Belgian IPA with Brett

Image from To Øl brewery

My interest in beers with Brettanomyces has grown over time.  Initially my experience with Brett was not one of great fondness.  At the time, I had recently discovered New Belgium’s La Folie, the great American-face-punching-brown-sour and was so captivated that I was looking for anything else like it.

I ended up trying any of the potential “sour” beers that showed up in Texas and ran into a number of American farmhouse beers that utilized Brett.  Anyone who has tasted La Folie will know that there isn’t a hint of “classic” Brett flavors or aromas, even if Brett is employed in the creation of La Folie.  None of the “horse leather, sweat, funk, cheese” nose that can come from some Brett strains.

It was exactly those overly peppery, funky, sweaty flavors that had turned me off of Brett beers.  But as with hoppy beers, which I didn’t originally enjoy, eventually your tastes change.

At this point, I can say that I’m having a similar transition from avoiding Brett beers to being completely enamored with any beer that utilizes Brett in any form.

One of the beers that literally changed my mind about Brett was the Sans Frontiére beer from the To Øl brewery.  I received this great beer from the Rare Beer Club and initially was quite hesitant with the description.  Hoppy Belgian but fermented with Brett.  I decided that I would drink the beer as soon as possible to minimize the Brett character.  What I encountered was an amazingly complex, dry, hoppy Belgian beer that fundamentally changed my outlook on Brett.

Earlier this year I was looking for something in the Belgian Blonde category for a local Pro-AM competition so on a whim, I sent an email to the To Øl brewery asking about Sans Frontiére and to my surprise, Tore Gynther, the head brewer there, (who started brewing with Mikkeller in Chemistry class) replied with the recipe.  Fantastic!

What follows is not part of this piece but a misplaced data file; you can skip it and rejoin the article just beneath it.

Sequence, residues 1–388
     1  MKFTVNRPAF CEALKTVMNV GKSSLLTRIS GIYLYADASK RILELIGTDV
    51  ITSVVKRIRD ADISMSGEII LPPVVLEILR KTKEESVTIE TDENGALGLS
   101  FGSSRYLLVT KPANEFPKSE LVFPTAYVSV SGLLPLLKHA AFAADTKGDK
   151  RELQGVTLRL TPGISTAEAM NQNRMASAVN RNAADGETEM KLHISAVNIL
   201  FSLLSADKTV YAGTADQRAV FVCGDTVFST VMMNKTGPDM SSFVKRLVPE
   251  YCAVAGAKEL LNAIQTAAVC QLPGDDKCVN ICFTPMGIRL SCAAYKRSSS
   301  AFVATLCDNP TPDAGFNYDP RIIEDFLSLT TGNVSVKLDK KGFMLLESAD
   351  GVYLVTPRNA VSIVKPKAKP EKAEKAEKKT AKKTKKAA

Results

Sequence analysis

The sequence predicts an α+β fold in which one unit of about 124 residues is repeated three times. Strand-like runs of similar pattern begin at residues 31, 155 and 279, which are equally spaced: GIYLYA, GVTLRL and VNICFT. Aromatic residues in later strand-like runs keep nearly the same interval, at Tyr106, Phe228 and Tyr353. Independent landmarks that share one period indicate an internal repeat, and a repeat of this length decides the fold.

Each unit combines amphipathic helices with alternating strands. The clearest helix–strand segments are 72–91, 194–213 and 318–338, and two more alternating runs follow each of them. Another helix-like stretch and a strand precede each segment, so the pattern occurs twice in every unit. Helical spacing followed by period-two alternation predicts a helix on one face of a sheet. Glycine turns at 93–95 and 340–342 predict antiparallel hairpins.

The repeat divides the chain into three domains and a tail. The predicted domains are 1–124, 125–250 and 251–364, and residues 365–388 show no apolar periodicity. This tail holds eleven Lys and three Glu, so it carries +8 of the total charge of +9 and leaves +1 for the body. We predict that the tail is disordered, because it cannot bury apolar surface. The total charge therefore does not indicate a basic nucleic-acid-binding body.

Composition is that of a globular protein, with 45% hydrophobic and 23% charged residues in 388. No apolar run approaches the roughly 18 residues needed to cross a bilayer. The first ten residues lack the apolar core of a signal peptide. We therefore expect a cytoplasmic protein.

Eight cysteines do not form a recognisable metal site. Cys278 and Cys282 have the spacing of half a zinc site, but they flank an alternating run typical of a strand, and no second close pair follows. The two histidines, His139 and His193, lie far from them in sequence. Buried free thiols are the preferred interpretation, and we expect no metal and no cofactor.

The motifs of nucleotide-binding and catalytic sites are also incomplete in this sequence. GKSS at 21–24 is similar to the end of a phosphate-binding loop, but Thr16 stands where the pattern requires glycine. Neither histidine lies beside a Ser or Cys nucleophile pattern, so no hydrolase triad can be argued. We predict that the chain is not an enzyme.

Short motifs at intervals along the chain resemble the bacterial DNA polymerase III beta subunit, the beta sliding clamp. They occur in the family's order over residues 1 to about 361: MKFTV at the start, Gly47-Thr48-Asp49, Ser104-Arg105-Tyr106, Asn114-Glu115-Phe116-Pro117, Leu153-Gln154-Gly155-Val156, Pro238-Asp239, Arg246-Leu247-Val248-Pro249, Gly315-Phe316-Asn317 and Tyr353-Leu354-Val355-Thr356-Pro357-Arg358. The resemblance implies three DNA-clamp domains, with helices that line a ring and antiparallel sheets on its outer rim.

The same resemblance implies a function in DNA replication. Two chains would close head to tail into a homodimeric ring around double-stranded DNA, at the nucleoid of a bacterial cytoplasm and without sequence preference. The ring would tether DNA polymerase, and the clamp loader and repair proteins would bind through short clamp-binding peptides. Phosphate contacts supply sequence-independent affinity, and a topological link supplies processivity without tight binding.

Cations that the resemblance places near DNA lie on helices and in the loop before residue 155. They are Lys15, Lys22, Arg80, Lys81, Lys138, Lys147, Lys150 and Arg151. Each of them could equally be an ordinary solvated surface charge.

Now that I’ve got a few strains of Brett around at the Woxford Brewery I figured it was time to see how well an all-brett hoppy beer would turn out.  So let’s see how this one goes.

Recipe Details

Batch Size Boil Time IBU SRM Est. OG Est. FG ABV
5.3 gal 60 min 62.8 IBUs 6.2 SRM 1.058 1.006 6.9 %
Actuals 1.046 1.01 4.7 %

Style Details

Name Cat. OG Range FG Range IBU SRM Carb ABV
Belgian Specialty Ale 16 E 1.03 - 1.08 1.006 - 1.019 15 - 40 3 - 50 2.1 - 2.9 3 - 9 %


Name Amount %
Brewer's Malt, 2-Row, Premium (Great Western) 8.602 lbs 75
Oats, Flaked 1.032 lbs 9
Crystal, Medium (Simpsons) 7.34 oz 4
Munich Malt 5.5 oz 3
Candi Sugar, Clear 1.032 lbs 9


Name Amount Time Use Form Alpha %
Herkules 0.71 oz 60 min Boil Pellet 18.5
Hallertauer Mittelfrueh 1 oz 10 min Boil Pellet 4.3
Tettnang 1 oz 1 min Boil Pellet 4.5
Columbus (Tomahawk) - 2012 Crop - Purchased 20130220 1 oz 10 days Dry Hop Pellet 15.3
Styrian Goldings 1 oz 10 days Dry Hop Pellet 5.4


Name Lab Attenuation Temperature
Abbey Ale (WLP530) White Labs 78% 66°F - 72°F
Brettanomyces Bruxellensis (WLP650) White Labs 70% 65°F - 72°F


Step Temperature Time
Saccharification 148°F 90 min
Mash Out 168°F 10 min


To Ol - San Frontiere recipe

2 thoughts on “Belgian IPA with Brett

  1. Pingback: This and That

  2. Pingback: Extra Special Bretter, or more fun with Brett. B. Trois | Woxford Brewing Co.

Leave a Reply

Your email address will not be published. Required fields are marked *